Great news if you were looking for an extended, unfunny parody of Christopher Nolan’s movies, because Transcendence is out this week. This good-looking, arid, windy bore is fully convinced that it is a Nolan film, with its big stars, expansive subject, and general air of being very, very serious and thinky indeed. Yet it’s missing pretty much everything that draws people to Nolan’s movies.
The story begins some time in the near future with a public prediction by charismatic tech mogul Will Caster (Johnny Depp) that the time of “transcendence” — when programmers, perhaps his own, will build a sentient computer more intelligent than the entire human race — is in the offing. A Luddite group calling itself RIFT believes his predictions enough to carry out a coordinated series of terrorist attacks that kill dozens of scientists working on artificial intelligence, culminating in Will being mortally wounded by a poison-laced bullet. As Will prepares to die, his desperate wife Evelyn (Rebecca Hall) learns of a breakthrough made by a murdered neurobiologist and figures out a way to give her husband digital immortality by uploading his mind into a software program. The whole story is told through the eyes of the Casters’ closest friend, Max (Paul Bettany), who becomes a prisoner of RIFT and mysteriously winds up joining their efforts.
The Christopher Nolan resemblance is no accident, as first-time director Wally Pfister served as the cinematographer on all of Nolan’s films going back to Memento. Yet surely Nolan would have given the script here more thought. Why are the Casters so sure that technology is going to do great things for the human race and the planet? (I mean, have they not seen the Terminator movies?) For that matter, why are the RIFTies so sure that transcendence will be bad? Do they simply want to halt the progress of technology until there’s been time to think through the implications, or do they want a return to the Stone Age? (If it’s the latter, they get a pretty good approximation, as the movie’s opening makes clear.)
The unanswered questions filter down to character levels. Once the dead Will goes digital, why does this crunchy, nature-loving soul become a self-perpetuating menace to all human existence? Has the translation of his personality to ones and zeros been faulty, or is this the way a person behaves when he no longer has to fear death? First-time screenwriter Jack Paglen seems positively uninterested in such issues, and that is fatal to his aim of making a grand statement about technology and how people use it.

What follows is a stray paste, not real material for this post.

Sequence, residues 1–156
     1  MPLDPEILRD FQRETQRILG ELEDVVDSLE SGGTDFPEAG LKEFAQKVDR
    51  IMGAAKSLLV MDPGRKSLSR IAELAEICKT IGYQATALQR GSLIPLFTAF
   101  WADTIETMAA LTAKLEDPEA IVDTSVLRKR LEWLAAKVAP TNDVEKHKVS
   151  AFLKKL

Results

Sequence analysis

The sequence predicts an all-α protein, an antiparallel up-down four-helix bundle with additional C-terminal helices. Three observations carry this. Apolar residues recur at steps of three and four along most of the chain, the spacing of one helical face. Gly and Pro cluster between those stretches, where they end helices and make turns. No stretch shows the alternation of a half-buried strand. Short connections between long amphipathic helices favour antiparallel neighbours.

The movie could have provided some compensation for these shortcomings in more visceral ways. Pfister does appear to grasp the importance of throwing the audience some red meat in the form of action sequences. The trouble is, he’s got no flair for it. The terrorist attacks at the beginning (intercut with the Casters’ rosy presentation at a tech conference) are botched terribly, as are the later bits when the U.S. military tries to move in on a desolate desert town that Digital Will has colonized. The movie is supposed to be about the beauties and the dangers of technology, but neither of those qualities comes through. It’s not for lack of opportunities, either. When a worker who’s been brutally mugged gets patched up in a few minutes by some of Digital Will’s nanorobotic surgeons, the scene should be gasp-inducing. Instead, the medical miracle just sits there on the screen. The only time the movie approaches a “holy crap” moment is early on, when Digital Will first comes online in the form of a single line of text appearing after an old-fashioned cursor prompt: “Is anyone there?”
In such a rarefied environment, the actors (including Nolan veterans like Morgan Freeman and Cillian Murphy) seem bereft of guidance. All in all, Transcendence gives us very little to latch onto other than a few pretty pictures of water droplets conjured up by Pfister and cinematographer Jess Hall. Lots of people recently have been making films about technology and where it’s taking us, and it’s inevitable that some of them would turn out to be like this one, which talks at tedious length without actually saying anything. In response to Digital Will’s query: There’s nobody here.
Starring Johnny Depp and Rebecca Hall. Directed by Wally Pfister. Written by Jack Paglen. Rated PG-13.